1976: Bruce Jenner captures the public imagination after setting the decathlon world record at the Montreal Games. The young, good-looking Jenner succeeds in helping everybody forget the last big Olympic hero, creepy mustache-jockey Mark Spitz. Decathlon popularity rises 70 percent.
1977: Jenner proceeds to squander his goodwill by setting the record for blatant post-Olympic cash-ins. The world’s greatest pitchman shills for Wheaties, Norelco, and the Brown Shoe Company and lends his name to a board game called the “Bruce Jenner Decathlon Game.” Later, he will co-star with The Village People in a disco-themed movie called Can’t Stop the Music, which one IMDB user describes as a “glorious trainwreck of a film.” Decathlon popularity drops 30 percent.
1979: The animated special “You’re the Greatest, Charlie Brown” airs, teaching a generation of children that the decathlon is for wishy-washy, prematurely bald losers. The show revolves around Charlie Brown’s efforts to train for and compete in the Junior Olympics decathlon. (LUCY: “Boy, who would be that dumb? To want to enter the decathlon?” CHARLIE BROWN: “Hi, everybody!”) The youth of America recoil in horror. Decathlon popularity drops 15 percent.
1984: The brash British athlete Daley Thompson wins his second consecutive decathlon at the Los Angeles Games. Thompson, who sort of looks like Richard Pryor, appeals to Hollywood types, who speculate that he might combine athletic prowess with pointed racial humor to carry decathlon to new heights. Also, Daley Thompson’s Decathlon wins the 1984 Golden Joystick Award for best arcade-style game of the year. Decathlon popularity rises 10 percent.
1984: Daley Thompson proves to be something of a jerk, shocking audiences by whistling “God Save the Queen” on the medals podium rather than singing along, and by questioning Carl Lewis’ sexuality by wearing a T-shirt asking “Is the world’s 2nd greatest athlete gay?” Hollywood switches its attentions to a Belgian sprinter who resembles Michael J. Fox. Decathlon popularity drops 10 percent.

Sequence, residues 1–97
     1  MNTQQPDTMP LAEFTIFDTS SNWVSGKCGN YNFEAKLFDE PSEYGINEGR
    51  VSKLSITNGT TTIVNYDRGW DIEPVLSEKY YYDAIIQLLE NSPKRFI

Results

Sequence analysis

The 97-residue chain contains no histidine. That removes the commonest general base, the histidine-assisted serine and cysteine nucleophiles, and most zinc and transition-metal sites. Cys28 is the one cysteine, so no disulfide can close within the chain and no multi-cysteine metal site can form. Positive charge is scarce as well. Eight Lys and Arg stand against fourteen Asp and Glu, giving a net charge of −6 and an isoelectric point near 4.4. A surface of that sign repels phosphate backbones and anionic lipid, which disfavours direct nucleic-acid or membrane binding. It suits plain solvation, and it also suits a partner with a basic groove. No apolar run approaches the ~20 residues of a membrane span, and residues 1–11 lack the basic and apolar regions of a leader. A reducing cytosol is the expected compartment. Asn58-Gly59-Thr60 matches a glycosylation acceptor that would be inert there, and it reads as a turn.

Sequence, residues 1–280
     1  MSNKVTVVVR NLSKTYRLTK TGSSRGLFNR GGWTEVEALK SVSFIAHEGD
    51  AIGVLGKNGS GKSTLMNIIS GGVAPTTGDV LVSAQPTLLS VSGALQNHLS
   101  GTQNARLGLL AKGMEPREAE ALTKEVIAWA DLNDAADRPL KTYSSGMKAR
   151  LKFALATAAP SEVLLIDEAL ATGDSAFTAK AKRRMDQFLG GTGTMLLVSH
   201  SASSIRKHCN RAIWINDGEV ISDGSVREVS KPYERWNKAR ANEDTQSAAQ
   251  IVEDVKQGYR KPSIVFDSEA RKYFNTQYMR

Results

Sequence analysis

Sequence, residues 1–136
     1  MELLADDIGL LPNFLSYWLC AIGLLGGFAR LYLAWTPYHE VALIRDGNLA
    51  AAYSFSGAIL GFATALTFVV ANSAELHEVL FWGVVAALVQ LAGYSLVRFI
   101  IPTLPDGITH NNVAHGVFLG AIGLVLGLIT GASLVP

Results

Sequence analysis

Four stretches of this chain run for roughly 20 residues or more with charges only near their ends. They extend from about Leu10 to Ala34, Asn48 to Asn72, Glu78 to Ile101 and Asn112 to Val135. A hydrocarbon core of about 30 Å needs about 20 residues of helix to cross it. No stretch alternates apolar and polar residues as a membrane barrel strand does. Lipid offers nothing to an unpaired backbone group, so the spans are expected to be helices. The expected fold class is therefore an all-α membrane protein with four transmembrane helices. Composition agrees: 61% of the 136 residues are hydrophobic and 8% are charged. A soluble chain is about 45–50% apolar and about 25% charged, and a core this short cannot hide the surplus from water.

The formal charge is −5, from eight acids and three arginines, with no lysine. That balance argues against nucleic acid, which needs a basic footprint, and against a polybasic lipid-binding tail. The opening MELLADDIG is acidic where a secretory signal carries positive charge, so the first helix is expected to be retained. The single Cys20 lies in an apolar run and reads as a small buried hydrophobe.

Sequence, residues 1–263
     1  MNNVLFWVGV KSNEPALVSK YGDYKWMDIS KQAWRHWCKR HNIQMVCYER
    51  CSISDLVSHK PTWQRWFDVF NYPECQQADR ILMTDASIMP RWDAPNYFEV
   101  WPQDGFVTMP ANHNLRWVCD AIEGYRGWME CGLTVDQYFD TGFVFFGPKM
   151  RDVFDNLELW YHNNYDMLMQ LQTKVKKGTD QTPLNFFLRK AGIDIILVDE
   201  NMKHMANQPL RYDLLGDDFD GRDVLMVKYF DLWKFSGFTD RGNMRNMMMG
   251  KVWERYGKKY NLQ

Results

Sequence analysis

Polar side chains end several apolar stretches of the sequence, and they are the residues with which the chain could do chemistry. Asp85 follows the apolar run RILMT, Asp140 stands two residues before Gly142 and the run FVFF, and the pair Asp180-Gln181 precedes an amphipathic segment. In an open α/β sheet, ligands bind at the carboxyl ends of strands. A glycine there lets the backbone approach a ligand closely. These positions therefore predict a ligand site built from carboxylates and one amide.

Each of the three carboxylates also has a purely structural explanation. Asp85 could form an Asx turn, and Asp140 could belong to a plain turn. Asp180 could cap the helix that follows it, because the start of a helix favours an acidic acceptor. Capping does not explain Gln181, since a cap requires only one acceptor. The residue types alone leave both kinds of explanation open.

1992: American rivals Dan O’Brien and Dave Johnson star in a series of Reebok commercials promising that “this summer they’ll battle it out in Barcelona for the title of ‘World’s Greatest Athlete.’” The commercials are a bit premature: O’Brien doesn’t even qualify for the American team. If there’s one thing Americans hate, it’s false advertising. Decathlon popularity drops 20 percent.
1996: O’Brien makes a stirring comeback, winning gold in Atlanta four years after his shocking failure to make the Olympics. An American populace that’s still struggling to throw the tiny yellow discus in that Bruce Jenner board game fails to notice. Decathlon popularity drops 10 percent.
2009: A year after he won gold in Beijing, the New York Times reports that Bryan Clay has 1,197 Twitter followers and has launched a campaign to add 7,635 more to match his high score in the decathlon. Meanwhile, Jenner finds new fame as the doddering stepfather on Keeping Up with the Kardashians, the reality show in which he relentlessly spouts his famous catchphrase: “Who’s up for another stirring round of the Bruce Jenner Decathlon Game? It will only take two full days!” Decathlon popularity drops 10 percent.
2012: At the U.S. Olympic Trials in June, 24-year-old Ashton Eaton sets a new decathlon world record. On Aug. 9, he wins the Olympic gold medal and the media dubs him the “world’s greatest athlete.” Assuming he keeps his medals and doesn’t star in any disco-themed movies, decathlon popularity ought to rise at least 15 percent.
Her Gloves Are Golden: In Praise of Claressa Shields, the Most Intimidating American Woman in Olympic History
In the middle of her fight for boxing gold, Claressa Shields bobbed her head left and right, dodging a series of punches from Russia’s Nadezda Torlopova. The 17-year-old middleweight from Flint, Mich., then made a move equal parts fighter and teenager. Just as Sugar Ray Leonard used to do, Shields stuck out her tongue. She was mocking the Russian, and there was nothing Torlopova could do about it. Clad in red, clench-jawed, and as unyielding as the name of her hometown, Shields went to town, connecting more blows and showing more energy throughout the four-round clash. The American was too tough and too fast, and she wasn’t going to lose.
Though her margin of victory wasn’t as large as in the semifinals, the teenage star still managed to make history in winning the fight 19-12. Shields, who was profiled extensively in the months leading up to her London showdown, is the second-youngest Olympic boxer to win a gold medal, the first woman boxer to win an Olympic middleweight competition, and perhaps the most intimidating American woman in the history of the games.